When an FRC receives a referral, the first level of review for evaluating possible clients is to collect data from the referral source concerning the client’s medical condition, injuries, and social and family data as well as the referral source’s impression of the major issues that may be facing the possible client in the next weeks.
- If there is a single issue or a simple question, the client may be assessed briefly and entered into the system as an “assist.” If “assists” prove to grow in complexity or if the client’s condition starts to indicate that he or she will benefit from the full FRCP, the “assist” client can be moved into active status after the FRC discusses the client with supervisory staff.
- Comprehensive clinical review is usually accomplished with the client placed in “evaluate” status.
- If the clinical condition or other factors do not indicate that the FRCP would be of benefit to the client or family, or if optimal services are being provided, the FRC may, after discussion with the team and with supervisory staff, “redirect” the client back to the team, offering continuing support as needed but without active involvement of the FRC.
- If the clinical condition of the client indicates a possible long-term need for the FRCP, the referred individual’s health care records may be reviewed to validate how the FRCP might benefit the individual and family. Additionally, the individual and/or family are interviewed, the program is explained, and the individual and family are given the choice of whether to enroll in the program. If the individual does not want the program, the choice is left open for the indeterminate future. If they decide to enroll, the individual is placed in “evaluate” status. Further assessment follows until a discussion with supervisors may result in the client being placed in “active” status.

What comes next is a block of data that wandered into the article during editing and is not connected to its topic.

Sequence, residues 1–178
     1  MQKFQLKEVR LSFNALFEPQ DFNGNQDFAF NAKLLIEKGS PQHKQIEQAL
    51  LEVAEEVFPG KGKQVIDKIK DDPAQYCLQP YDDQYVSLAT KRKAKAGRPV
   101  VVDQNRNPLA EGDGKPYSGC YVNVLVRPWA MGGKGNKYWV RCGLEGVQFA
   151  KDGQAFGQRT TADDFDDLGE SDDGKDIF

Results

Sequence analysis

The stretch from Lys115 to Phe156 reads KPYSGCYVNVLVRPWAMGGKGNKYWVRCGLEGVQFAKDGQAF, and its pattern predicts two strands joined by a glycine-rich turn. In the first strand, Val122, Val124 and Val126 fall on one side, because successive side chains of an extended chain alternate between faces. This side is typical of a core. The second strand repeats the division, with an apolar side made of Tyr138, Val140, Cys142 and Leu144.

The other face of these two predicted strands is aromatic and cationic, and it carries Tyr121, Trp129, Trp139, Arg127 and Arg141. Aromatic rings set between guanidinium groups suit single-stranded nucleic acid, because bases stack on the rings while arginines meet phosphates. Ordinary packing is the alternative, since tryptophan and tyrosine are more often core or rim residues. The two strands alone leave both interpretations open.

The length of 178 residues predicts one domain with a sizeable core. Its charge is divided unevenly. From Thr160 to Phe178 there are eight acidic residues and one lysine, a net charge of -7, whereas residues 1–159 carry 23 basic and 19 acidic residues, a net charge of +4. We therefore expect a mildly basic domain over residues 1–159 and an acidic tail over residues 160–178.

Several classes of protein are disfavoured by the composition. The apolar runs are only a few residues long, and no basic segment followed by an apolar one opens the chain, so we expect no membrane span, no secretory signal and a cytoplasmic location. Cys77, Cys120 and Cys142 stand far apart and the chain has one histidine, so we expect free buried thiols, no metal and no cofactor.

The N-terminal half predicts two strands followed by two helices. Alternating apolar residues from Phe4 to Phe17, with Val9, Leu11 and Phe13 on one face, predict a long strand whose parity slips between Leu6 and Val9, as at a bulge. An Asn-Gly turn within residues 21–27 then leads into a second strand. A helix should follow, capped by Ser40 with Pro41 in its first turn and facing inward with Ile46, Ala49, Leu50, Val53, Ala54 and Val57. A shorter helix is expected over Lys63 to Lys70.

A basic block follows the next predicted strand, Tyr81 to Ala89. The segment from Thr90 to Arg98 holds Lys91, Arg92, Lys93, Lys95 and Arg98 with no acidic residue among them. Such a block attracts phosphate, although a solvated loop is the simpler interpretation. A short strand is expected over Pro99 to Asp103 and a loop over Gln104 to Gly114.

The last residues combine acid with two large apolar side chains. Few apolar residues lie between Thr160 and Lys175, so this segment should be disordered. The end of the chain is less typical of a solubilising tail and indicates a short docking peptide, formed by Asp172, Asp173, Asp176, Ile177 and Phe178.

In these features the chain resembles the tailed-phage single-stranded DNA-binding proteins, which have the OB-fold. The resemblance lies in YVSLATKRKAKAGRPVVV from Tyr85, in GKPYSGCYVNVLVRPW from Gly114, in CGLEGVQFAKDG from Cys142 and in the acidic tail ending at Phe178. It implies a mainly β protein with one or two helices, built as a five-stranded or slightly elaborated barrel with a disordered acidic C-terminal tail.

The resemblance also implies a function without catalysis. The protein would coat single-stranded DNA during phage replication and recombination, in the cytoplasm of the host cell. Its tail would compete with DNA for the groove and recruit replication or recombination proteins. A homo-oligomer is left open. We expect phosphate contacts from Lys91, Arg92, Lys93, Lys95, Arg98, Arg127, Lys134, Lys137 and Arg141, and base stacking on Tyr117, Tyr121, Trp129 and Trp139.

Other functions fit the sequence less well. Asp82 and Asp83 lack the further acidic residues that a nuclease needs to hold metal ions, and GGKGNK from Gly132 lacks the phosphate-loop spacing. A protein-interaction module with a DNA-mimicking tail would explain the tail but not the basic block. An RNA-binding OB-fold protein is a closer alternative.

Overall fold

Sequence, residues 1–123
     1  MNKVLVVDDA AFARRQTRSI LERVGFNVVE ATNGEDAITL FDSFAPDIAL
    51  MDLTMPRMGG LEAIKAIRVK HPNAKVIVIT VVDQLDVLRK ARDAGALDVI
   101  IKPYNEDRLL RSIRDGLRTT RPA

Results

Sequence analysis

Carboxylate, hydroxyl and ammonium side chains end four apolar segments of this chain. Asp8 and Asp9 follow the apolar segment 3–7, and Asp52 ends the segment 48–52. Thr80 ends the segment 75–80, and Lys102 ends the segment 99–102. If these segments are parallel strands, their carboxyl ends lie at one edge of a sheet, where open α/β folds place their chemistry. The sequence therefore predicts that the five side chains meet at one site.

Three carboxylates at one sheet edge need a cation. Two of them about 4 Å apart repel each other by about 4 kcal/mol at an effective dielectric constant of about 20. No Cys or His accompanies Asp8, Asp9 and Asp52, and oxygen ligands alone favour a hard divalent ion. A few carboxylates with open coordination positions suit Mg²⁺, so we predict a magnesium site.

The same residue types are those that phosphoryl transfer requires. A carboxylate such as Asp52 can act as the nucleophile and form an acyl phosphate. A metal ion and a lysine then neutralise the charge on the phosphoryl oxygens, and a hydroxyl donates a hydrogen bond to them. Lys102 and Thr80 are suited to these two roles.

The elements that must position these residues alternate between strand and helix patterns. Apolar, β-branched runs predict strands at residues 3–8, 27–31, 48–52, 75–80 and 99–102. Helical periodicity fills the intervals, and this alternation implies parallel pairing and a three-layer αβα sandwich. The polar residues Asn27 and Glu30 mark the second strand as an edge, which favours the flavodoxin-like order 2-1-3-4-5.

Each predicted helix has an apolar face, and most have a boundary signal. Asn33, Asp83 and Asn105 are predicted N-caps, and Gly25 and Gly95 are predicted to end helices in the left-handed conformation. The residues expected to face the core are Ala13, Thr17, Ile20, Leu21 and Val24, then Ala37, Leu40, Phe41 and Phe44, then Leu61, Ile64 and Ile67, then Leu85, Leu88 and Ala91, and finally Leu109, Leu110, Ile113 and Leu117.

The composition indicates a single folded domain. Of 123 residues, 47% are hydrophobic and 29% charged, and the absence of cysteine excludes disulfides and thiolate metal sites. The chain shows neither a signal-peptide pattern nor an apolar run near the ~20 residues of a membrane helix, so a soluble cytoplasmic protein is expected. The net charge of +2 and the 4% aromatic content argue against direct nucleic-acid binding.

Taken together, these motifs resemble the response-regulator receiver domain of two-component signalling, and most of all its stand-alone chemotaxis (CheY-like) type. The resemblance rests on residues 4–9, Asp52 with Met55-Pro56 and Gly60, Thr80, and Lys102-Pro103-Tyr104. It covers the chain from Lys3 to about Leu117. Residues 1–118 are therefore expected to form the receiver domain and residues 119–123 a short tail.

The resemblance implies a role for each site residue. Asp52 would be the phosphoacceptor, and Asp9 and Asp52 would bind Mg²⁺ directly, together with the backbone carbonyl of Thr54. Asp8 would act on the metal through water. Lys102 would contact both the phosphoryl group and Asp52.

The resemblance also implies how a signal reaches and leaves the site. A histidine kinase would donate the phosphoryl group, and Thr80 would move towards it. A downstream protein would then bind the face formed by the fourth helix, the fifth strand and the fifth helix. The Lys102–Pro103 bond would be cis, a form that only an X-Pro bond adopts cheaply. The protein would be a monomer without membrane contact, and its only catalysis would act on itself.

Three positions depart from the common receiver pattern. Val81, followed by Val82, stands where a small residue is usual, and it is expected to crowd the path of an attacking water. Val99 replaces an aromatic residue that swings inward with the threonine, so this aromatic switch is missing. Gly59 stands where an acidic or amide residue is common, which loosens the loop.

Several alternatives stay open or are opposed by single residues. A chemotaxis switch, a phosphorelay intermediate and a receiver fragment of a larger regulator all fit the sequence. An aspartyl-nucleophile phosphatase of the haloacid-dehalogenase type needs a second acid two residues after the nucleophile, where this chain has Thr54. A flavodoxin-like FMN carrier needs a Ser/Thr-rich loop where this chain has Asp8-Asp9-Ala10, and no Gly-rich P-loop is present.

FRCs at SAMMC introduce clients to the FRCP very early in the initial hospitalization. While each client has a full complement of caregivers and case managers in this phase of high acuity, there are nonclinical details that can be introduced that will facilitate care and quality of life later in the recovery process. While the client is in the inpatient setting, the FRC provides additional emotional support to the client and family and, in partnership, facilitates whatever processes the case manager and clinical team suggest. The FRC can monitor processes like application for Servicemembers Group Life Insurance Traumatic Injury Protection Program (TSGLI) and Social Security Disability Insurance (SSDI). The FRC can investigate available resources and help arrange after-school child care to enable the spouse to be with the injured Servicemember.
In providing such assistance, FRCs establish themselves as willing team members who support not only the client, but the entire care team. Willingness to serve as a team member is critical to the FRC being successful in this unique role. Another function of the FRC is to provide information about resources and benefits that are or will be available to the client and family. Thus, emotional support, instrumental assistance and information are the products of the FRCP in the acute treatment phase.
The most important element the FRC contributes at this early treatment phase is the concept of seamless long-term clinical and non-clinical support. The FRC will be the consistent person in their journey from the most acute care through, and perhaps beyond, community reintegration. It is true that when the client is in intensive care, he or she is not thinking about whether or not they will want to leave the Service or whether they will seek funding to attend college. But, the FRC can assure the client that when they are ready for those decisions, the FRC will still be there, carrying information about what the immediate past has been for this family and supporting the decisions within the close professional relationships that have grown over time.
Because of early support during the most acute phases of care, plus a long record of supporting the family through various crises, the FRC builds the closest of professional relationships. Later care is mediated through that relationship. The trust relationship with the client and family is the foundation for continued support through the stresses and decisions that come with the Integrated Disability Evaluation System (IDES) process and transitions into community life and new health care delivery systems. With constant interaction from early in the recovery trajectory through reintegration into the community, the FRC learns how each client and family member copes and reacts to the stress of injury, treatment, and change. That knowledge shapes FRC responses to each client for the provision of individualized care.